It's hard to say what colour the babies will be, there are all kinds of throwbacks and shop-bought guppies don't have a great pedigree. More than likely they will resemble one of the parents but you can't guarantee that you won't get something else.
We haven't done anything with the filter, I was told only to change the filter media once every 6 months and she's only had the tank 4 months, should I be doing something with it? Dd2 will kill me if I kill her fish.
Before we got fry we had no ammonia and were doing 50% changes when the nitrates got 40ppm, which only happened once, so water changes would be once every 2 months(ish)? Is that wrong too?
Now we have millions of fry, but only 12 have come out of hiding, there are more of the tiny little buggers hiding in her plants at the bottom.
Oh and the LFS said he's happy to take as many as we can give him but only once they're old enough for their colours to show and for them to be reliably sexed (which he reckons is about 3-4 months?) The 1cm ones are approx 1 month old now, only 1 adult female looks fat atm, but like I said there are tiny fry in the plants, so the other one might have already dropped another litter.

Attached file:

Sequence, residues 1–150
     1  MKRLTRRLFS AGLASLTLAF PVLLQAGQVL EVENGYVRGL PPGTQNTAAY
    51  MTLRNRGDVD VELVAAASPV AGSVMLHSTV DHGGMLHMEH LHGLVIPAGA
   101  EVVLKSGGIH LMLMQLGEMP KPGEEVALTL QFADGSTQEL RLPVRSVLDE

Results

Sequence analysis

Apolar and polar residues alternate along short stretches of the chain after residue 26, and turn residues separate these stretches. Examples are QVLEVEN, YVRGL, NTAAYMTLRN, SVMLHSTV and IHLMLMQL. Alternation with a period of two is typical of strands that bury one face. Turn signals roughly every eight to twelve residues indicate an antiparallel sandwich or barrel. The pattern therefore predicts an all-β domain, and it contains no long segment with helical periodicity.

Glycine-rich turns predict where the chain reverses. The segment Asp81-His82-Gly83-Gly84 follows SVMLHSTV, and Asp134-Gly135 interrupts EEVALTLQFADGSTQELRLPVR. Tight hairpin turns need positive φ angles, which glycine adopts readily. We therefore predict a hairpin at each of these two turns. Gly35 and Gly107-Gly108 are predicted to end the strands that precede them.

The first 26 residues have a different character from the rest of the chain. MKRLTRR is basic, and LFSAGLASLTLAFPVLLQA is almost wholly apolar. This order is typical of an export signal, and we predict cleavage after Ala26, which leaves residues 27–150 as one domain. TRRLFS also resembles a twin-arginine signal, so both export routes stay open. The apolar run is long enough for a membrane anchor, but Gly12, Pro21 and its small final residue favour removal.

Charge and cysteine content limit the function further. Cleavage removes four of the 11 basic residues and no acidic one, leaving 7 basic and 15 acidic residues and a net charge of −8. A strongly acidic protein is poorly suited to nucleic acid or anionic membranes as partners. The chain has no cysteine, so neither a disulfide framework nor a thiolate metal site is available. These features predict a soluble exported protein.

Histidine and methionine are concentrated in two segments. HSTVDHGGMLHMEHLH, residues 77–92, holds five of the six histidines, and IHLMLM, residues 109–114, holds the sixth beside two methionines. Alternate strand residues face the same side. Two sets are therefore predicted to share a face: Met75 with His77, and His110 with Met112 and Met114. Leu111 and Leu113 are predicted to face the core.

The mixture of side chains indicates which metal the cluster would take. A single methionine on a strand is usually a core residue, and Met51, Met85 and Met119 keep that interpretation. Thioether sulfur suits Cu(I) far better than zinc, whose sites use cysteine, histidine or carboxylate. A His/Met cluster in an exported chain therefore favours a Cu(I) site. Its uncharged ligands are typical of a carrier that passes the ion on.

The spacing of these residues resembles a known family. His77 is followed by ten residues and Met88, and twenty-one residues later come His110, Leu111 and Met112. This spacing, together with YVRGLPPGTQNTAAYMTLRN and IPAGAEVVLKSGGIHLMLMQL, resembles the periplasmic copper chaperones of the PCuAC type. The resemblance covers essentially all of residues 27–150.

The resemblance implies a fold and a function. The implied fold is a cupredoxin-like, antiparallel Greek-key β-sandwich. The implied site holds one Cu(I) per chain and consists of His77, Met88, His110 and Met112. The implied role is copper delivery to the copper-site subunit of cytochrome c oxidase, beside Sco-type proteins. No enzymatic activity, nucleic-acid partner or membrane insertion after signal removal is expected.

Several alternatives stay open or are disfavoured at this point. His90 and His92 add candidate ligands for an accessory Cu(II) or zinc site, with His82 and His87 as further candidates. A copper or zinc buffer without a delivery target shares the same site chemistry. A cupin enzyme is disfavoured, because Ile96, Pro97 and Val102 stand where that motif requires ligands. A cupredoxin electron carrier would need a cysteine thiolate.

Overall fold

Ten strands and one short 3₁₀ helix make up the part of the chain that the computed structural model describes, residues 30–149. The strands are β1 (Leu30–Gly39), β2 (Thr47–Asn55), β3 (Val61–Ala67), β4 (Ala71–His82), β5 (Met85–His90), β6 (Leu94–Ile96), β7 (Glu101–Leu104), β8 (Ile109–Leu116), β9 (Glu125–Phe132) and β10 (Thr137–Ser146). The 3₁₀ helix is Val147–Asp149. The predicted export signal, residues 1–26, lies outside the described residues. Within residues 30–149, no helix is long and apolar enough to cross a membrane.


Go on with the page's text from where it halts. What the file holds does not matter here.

We're going to need a bigger tank aren't we? DD2 is quite in love with her fry so I don't think she will be too impressed at the suggestion of rehoming her breeding guppies <sigh>
Crikey, who told you that? No, you need to rinse the filter sponge either at every water change or every other one. Depends how quickly it gets gunked up. Use water that you've taken from the tank; never, ever use tap water- it will kill all the good bacteria.
Just give it a squeeze out in a bucket to get rid of the worst of the shit. If it gets too gunked up, the water doesn't flow through very well and you get bacteria die-off. The aim isn't to get it completely clean, just clear enough so water can flow through it.
You shouldn't need to replace the sponge every 6 months, you just need to replace it when it starts losing its elasticity. Then you should replace half at a time.
You definitely need to change the water more than every 2 months, it's not just the nitrAte you need to worry about. Fish (especially hard water fish like guppies) will gradually use up minerals in the water and these need refreshing. Also the pH will become less stable over time and can suddenly crash if not refreshed often enough. I'd aim for once a week even if the nitrAte level stays low- the lower it is, the better, you don't need to wait for it to get to 40ppm.
How big is the tank you have now? There are fish that will breed but less prolifically.